What Do Parents Need to Know About the New TikTok Time Limits?
The news that TikTok is introducing new limits on screen time for younger users has opened the debate about teenagers and smartphone usage once again. What are the key points in this subject that parents should understand?
The Need for Time Limits
This is not the first time that the amount of screen time for youngsters has been in the news. ExpressVPN's survey carried out in the US, and the UK revealed that half of all children use social media, spending an average time of 28 minutes per day on these platforms. The average daily time spent on social media increases with age, from 21 minutes for four-year-olds to 45 minutes daily at the age of 13.
In terms of the number of minors watching TikTok, this app has been beating YouTube on a global basis since mid-2020. Viewers between the ages of four and 18 watched an average of 82 minutes on TikTok in 2022, compared to 75 minutes on YouTube, with the gap widening all the time. TikTok also came out ahead of all other video apps and social media apps for this age group.
How Are the Time Limits Managed?
The new controls to manage the time spent on TikTok apply to all users under the age of 18. However, it’s been set up to act as more of a suggestion for teenagers rather than as a firm control. This is because the system will block minors once they reach a total of 60 minutes in a day. However, if they opt to carry on, the next checkpoint arrives when they get to 100 minutes.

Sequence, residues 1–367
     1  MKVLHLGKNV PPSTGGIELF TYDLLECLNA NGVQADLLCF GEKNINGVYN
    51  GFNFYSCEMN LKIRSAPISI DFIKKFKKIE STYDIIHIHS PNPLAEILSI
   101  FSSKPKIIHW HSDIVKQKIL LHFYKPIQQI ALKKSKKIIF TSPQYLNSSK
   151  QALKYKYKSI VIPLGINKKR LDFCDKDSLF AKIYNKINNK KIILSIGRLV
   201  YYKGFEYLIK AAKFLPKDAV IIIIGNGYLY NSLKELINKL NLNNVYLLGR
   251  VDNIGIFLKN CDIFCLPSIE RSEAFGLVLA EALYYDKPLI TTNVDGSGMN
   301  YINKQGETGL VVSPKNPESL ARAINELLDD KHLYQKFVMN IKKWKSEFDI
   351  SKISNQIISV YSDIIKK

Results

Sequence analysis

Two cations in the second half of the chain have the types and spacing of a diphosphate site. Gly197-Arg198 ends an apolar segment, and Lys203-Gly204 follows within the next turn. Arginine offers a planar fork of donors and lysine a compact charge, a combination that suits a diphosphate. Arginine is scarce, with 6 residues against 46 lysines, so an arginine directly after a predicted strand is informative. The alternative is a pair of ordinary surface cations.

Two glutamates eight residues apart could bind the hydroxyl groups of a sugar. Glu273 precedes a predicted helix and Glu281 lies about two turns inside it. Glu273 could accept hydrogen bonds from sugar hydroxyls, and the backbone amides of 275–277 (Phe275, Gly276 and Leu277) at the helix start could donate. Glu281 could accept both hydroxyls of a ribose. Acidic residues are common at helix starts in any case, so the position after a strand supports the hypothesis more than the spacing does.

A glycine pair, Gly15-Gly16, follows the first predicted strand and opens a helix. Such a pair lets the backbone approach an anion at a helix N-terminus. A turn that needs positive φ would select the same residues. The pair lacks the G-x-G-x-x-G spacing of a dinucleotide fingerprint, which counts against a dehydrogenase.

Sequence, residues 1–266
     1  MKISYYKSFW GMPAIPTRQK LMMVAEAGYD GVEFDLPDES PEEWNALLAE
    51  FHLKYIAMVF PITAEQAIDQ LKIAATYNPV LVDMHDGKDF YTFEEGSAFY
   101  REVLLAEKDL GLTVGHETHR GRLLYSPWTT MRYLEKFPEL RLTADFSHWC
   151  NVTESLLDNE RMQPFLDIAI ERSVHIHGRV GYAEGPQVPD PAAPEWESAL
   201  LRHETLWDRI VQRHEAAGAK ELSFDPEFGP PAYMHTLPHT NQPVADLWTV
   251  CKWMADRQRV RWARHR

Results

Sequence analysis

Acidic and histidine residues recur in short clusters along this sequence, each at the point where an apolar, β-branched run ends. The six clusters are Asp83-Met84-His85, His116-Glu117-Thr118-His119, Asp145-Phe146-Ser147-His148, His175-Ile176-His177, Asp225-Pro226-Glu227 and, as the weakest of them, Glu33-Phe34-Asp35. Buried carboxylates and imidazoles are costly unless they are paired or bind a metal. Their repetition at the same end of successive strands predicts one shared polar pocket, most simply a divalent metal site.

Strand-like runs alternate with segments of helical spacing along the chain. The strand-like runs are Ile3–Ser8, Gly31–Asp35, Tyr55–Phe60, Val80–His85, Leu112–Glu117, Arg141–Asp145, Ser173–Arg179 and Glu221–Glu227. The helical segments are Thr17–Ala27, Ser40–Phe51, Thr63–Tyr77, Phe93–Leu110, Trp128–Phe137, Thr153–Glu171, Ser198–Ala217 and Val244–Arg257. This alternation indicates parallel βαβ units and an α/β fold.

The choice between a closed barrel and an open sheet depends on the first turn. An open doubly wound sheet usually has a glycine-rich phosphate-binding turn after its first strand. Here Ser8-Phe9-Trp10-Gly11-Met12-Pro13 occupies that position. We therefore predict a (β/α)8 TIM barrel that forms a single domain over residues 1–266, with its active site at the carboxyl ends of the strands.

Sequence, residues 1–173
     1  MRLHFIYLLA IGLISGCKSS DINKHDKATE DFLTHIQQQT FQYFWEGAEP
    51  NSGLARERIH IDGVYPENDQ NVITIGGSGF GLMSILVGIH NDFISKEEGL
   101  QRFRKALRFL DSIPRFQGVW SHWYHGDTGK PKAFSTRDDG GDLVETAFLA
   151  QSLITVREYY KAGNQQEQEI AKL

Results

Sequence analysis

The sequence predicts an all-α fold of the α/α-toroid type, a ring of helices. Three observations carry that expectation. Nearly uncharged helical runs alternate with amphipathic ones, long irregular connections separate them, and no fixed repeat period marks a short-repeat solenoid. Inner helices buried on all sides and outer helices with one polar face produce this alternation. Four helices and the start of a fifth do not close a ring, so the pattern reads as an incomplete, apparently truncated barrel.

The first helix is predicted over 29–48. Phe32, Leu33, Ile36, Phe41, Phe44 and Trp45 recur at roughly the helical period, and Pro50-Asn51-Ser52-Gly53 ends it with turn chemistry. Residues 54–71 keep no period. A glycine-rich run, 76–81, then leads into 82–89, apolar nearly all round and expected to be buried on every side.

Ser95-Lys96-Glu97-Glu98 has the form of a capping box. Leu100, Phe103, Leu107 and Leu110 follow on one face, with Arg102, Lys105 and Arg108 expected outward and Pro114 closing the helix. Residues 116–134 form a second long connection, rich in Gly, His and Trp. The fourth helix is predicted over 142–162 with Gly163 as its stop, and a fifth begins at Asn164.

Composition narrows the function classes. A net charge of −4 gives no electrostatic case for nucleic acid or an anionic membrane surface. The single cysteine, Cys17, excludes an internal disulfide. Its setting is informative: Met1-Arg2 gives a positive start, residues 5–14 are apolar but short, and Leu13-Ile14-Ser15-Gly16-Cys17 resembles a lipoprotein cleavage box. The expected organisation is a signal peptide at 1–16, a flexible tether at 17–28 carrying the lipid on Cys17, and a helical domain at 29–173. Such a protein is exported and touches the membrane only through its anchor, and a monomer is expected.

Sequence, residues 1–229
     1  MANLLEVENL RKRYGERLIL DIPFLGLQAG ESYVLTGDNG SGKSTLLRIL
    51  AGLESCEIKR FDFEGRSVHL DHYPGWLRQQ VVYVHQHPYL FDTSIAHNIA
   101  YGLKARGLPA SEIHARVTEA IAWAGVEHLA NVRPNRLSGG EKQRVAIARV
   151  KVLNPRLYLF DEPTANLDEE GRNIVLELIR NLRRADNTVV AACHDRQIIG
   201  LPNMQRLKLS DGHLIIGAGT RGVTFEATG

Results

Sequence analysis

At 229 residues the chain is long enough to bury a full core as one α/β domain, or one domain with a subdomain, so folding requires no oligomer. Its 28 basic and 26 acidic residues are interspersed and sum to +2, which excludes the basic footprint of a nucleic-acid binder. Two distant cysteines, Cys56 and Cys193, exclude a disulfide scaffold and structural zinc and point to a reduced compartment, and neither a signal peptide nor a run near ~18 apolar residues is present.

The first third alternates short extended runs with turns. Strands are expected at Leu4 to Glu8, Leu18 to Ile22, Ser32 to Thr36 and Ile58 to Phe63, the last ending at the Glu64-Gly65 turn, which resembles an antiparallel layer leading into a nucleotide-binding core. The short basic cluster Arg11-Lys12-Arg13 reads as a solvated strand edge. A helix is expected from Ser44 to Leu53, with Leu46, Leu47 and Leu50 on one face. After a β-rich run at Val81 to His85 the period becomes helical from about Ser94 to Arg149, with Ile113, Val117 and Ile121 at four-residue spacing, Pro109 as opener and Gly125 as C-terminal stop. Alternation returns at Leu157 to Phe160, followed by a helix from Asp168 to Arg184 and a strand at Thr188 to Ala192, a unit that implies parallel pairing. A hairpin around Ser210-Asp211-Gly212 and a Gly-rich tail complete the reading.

Once they get to the 100-hour limit, a password is needed if they want to carry on using the app.
For users under the age of 13, the passcode needs to be entered by a parent or guardian.
However, older children can create their own passcode and carry on using TikTok. They'll also receive updates each week that let them see how long they’re spending on the app and more information on their viewing habits.
Will These Measures Work?
With no clear consensus on how long is acceptable, some parents may consider 100 minutes a day to be too much time, while others might be more relaxed about going over this limit. The American Academy of Pediatrics (AAP) suggests various useful tips for managing the screen time of younger family members according to their ages.
Rather than looking at it as a definitive measure to limit youngsters to a suitable amount of screen time, perhaps we should consider Tiktok’s latest measures simply as a step in the right direction. This could be something that stimulates more debate around the subject and leads to similar measures being introduced by other social media companies.
We can expect to hear a lot more about the limiting of social media screen time among younger users as more parents become aware of the need for action and technology companies are forced to act.